To be called a quebecker doesn't make my heart skip a beat because it somehow erases my identity as a Finn. My identity as a Finn might take new forms in the upcoming years, but nothing will ever take away my childhood eating rye bread and feeling awkward about other people in the elevator. To be called a quebecker hits the right spot because it means I belong - that after months and months of struggling, fighting, tears and frustration I have reached such a peace of mind with my new home that being addressed as one of its residents feels right.
A Local is something that every immigrant seeks to become. A traveller, however, voyages on in the crowd, bumping into people she will never meet again, sitting in cafes observing passersby going about their lives - and in the end, catches the train and leaves forever as all the locals go on with their routines, never having known about the girl who was there for that blink of an eye. I was sitting with my backpack in that Starbucks in Vancouver, watching those people desperately trying to catch the bus, being an outsider from somewhere else. Their routines were my adventures.
To become a local asks for more than catching that same bus with everyone else: it asks you to want to belong. Becoming a local means you have to stop observing things by asking what is different, and instead address things with the question of why does it even matter. The showers are really different in Québec compared to Finland - but so what, since I can very successfully wash myself in both? Door knobs might be a bit confusing for someone who has turned handles all their lives, but so far I have been able to enter and exit every room I wanted. Quebeckers wash their dishes with sponges, and so will I.
Seven months ago I was a Finn in Québec, comparing my every step to all the steps I had taken in Finland. As months passed, that hunch of bitterness and sickening I felt for my home country slowly turned into nostalgic memories and distant contacts as I dove into the mystery called French-speaking Canada. After the first shock passed I proceeded to explore my new home with a never ending hunger, to a point where my colleague once told everyone that "Mel probably knows this city far better than any of us, so if you need directions, ask her".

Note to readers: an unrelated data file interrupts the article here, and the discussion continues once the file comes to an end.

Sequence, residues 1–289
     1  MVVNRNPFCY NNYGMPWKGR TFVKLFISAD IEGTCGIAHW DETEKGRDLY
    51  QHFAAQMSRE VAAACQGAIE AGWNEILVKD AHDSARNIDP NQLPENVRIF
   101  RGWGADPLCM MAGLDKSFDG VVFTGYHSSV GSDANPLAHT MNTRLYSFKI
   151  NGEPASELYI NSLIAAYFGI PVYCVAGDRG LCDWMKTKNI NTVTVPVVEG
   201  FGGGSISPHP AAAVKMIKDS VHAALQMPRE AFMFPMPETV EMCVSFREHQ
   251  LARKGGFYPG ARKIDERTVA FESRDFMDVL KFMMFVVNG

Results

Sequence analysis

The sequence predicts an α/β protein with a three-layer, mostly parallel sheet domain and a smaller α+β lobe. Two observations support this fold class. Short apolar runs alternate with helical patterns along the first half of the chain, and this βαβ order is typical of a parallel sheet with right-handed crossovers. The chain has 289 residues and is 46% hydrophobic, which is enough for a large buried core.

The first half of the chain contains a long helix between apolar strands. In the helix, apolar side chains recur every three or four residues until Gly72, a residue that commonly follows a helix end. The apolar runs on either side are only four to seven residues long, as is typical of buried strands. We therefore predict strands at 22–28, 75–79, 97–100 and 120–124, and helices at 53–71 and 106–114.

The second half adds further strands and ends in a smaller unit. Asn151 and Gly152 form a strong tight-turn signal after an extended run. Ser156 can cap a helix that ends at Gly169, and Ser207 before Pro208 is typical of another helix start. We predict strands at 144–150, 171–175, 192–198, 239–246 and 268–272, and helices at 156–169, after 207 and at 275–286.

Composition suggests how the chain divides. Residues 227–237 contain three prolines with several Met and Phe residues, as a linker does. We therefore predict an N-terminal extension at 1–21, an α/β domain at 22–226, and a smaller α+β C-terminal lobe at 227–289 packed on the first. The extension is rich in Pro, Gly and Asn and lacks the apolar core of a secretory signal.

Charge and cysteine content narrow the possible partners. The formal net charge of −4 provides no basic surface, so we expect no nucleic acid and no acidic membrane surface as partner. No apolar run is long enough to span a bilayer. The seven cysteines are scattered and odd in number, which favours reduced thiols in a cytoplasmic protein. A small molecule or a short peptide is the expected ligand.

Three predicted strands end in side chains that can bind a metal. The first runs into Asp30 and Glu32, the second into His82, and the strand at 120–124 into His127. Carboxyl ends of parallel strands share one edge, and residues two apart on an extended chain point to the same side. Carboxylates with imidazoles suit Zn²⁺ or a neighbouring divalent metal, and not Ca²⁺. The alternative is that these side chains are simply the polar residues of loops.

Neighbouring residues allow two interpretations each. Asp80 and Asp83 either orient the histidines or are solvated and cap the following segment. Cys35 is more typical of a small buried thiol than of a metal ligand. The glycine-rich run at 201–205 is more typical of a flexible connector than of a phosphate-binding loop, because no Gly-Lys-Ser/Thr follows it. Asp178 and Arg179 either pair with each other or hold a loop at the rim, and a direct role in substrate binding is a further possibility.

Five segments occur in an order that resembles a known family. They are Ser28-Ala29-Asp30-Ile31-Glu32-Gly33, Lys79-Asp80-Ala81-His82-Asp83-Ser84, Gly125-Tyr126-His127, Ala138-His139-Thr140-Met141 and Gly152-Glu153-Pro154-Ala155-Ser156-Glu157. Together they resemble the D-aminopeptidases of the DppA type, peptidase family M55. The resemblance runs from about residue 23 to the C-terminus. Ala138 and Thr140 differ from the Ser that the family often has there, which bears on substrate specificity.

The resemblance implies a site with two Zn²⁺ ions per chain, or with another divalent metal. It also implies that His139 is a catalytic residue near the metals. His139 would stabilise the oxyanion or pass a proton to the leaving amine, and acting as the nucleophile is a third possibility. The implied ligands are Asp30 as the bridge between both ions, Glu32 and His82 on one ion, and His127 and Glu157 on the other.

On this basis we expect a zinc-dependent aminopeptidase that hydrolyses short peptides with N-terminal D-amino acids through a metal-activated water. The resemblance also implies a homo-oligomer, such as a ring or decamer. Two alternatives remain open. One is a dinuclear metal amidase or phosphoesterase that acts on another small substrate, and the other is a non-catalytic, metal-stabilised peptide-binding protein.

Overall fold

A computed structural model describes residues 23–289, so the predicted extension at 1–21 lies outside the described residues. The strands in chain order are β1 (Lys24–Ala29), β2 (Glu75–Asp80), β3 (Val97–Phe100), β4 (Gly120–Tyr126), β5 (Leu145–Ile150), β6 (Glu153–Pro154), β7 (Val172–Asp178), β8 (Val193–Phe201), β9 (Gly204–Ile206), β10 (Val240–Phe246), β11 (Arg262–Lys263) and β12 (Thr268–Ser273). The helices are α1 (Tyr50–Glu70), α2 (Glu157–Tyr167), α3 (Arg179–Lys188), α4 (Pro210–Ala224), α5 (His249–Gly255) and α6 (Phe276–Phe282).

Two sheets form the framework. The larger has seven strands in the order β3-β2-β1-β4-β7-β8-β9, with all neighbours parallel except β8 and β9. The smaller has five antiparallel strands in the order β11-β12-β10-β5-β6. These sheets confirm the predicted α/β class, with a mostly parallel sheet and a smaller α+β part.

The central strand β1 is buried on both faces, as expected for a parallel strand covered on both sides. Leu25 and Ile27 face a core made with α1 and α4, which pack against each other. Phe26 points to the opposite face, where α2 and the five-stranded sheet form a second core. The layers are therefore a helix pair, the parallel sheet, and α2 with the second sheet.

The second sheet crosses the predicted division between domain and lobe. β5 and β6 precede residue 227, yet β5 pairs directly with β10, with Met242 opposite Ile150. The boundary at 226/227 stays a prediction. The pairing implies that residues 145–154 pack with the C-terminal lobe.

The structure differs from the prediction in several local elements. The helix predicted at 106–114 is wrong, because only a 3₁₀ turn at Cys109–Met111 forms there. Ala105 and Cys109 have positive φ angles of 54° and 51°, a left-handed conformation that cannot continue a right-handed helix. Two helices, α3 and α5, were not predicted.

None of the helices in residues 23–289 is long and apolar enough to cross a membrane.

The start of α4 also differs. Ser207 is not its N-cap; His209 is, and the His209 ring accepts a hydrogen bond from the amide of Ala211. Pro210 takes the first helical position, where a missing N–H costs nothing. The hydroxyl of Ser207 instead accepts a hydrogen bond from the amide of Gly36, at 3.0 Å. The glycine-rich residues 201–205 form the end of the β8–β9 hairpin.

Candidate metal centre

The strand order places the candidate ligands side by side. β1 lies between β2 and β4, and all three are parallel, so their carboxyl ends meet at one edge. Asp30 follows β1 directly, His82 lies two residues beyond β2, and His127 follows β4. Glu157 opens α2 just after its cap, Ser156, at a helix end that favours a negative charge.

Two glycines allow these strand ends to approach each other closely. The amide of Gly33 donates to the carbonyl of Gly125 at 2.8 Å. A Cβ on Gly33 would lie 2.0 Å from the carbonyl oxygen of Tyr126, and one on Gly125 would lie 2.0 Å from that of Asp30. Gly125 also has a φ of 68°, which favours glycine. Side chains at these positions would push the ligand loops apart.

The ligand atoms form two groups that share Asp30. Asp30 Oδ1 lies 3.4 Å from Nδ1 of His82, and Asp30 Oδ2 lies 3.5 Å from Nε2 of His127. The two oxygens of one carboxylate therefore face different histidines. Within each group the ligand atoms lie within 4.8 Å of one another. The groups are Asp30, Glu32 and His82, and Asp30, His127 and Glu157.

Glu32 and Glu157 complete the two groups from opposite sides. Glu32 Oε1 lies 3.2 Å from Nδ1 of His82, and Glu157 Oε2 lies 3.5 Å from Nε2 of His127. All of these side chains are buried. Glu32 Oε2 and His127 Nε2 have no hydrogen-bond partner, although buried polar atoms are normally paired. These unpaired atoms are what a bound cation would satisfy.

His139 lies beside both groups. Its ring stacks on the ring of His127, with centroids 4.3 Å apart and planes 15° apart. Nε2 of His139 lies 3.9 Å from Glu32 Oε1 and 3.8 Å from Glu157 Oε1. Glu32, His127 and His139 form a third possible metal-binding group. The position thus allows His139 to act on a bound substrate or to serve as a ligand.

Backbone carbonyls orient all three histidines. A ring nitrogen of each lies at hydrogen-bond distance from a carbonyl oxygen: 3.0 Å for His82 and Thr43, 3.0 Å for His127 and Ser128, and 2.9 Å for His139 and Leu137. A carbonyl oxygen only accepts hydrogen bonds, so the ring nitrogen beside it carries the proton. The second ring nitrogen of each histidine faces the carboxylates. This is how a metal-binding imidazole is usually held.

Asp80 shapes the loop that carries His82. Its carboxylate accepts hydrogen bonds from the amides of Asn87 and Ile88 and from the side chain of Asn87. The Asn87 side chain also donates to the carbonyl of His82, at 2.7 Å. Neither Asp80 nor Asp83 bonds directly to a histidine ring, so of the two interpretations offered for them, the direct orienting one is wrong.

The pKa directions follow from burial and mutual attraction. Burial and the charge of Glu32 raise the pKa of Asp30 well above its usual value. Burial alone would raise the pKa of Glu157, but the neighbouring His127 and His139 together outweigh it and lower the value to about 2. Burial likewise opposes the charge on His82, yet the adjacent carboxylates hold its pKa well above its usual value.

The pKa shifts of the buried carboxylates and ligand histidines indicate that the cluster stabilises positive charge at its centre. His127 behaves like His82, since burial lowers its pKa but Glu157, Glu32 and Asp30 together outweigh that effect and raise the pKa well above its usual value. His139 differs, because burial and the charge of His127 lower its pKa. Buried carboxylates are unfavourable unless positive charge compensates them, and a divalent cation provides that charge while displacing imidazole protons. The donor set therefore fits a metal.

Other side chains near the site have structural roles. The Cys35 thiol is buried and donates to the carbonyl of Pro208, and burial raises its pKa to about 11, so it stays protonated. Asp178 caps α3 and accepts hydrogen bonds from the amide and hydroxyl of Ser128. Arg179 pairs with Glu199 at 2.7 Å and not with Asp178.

|Rue du Petit Champlain, Québec City|
Then I made a trip to British Columbia, to the shores of the Pacific Ocean - to the very other side of the world from Finland. At that moment, as Finland is so very far away, Québec is my home. I experienced the same distance I took to Finland by moving to Québec by travelling across the whole country to Vancouver, and it made me realise exactly how much I have fallen in love with Québec. I now sweep its streets with routine and breath in its damp winter air every morning as the snow keeps on falling, and it feels like with every inhale I absorb a little piece of this land within me.
~ * ~
I sit at my desk at work, Facebook open, when my friend sends me a message. It's a link to THIS YOUTUBE VIDEO about people answering to the question "What is it to be a quebecker". I watch it, little teary-eyed, and then proceed to ask him if he thinks I will one day become a quebecker.
"But Mel", he says. "I think you already are."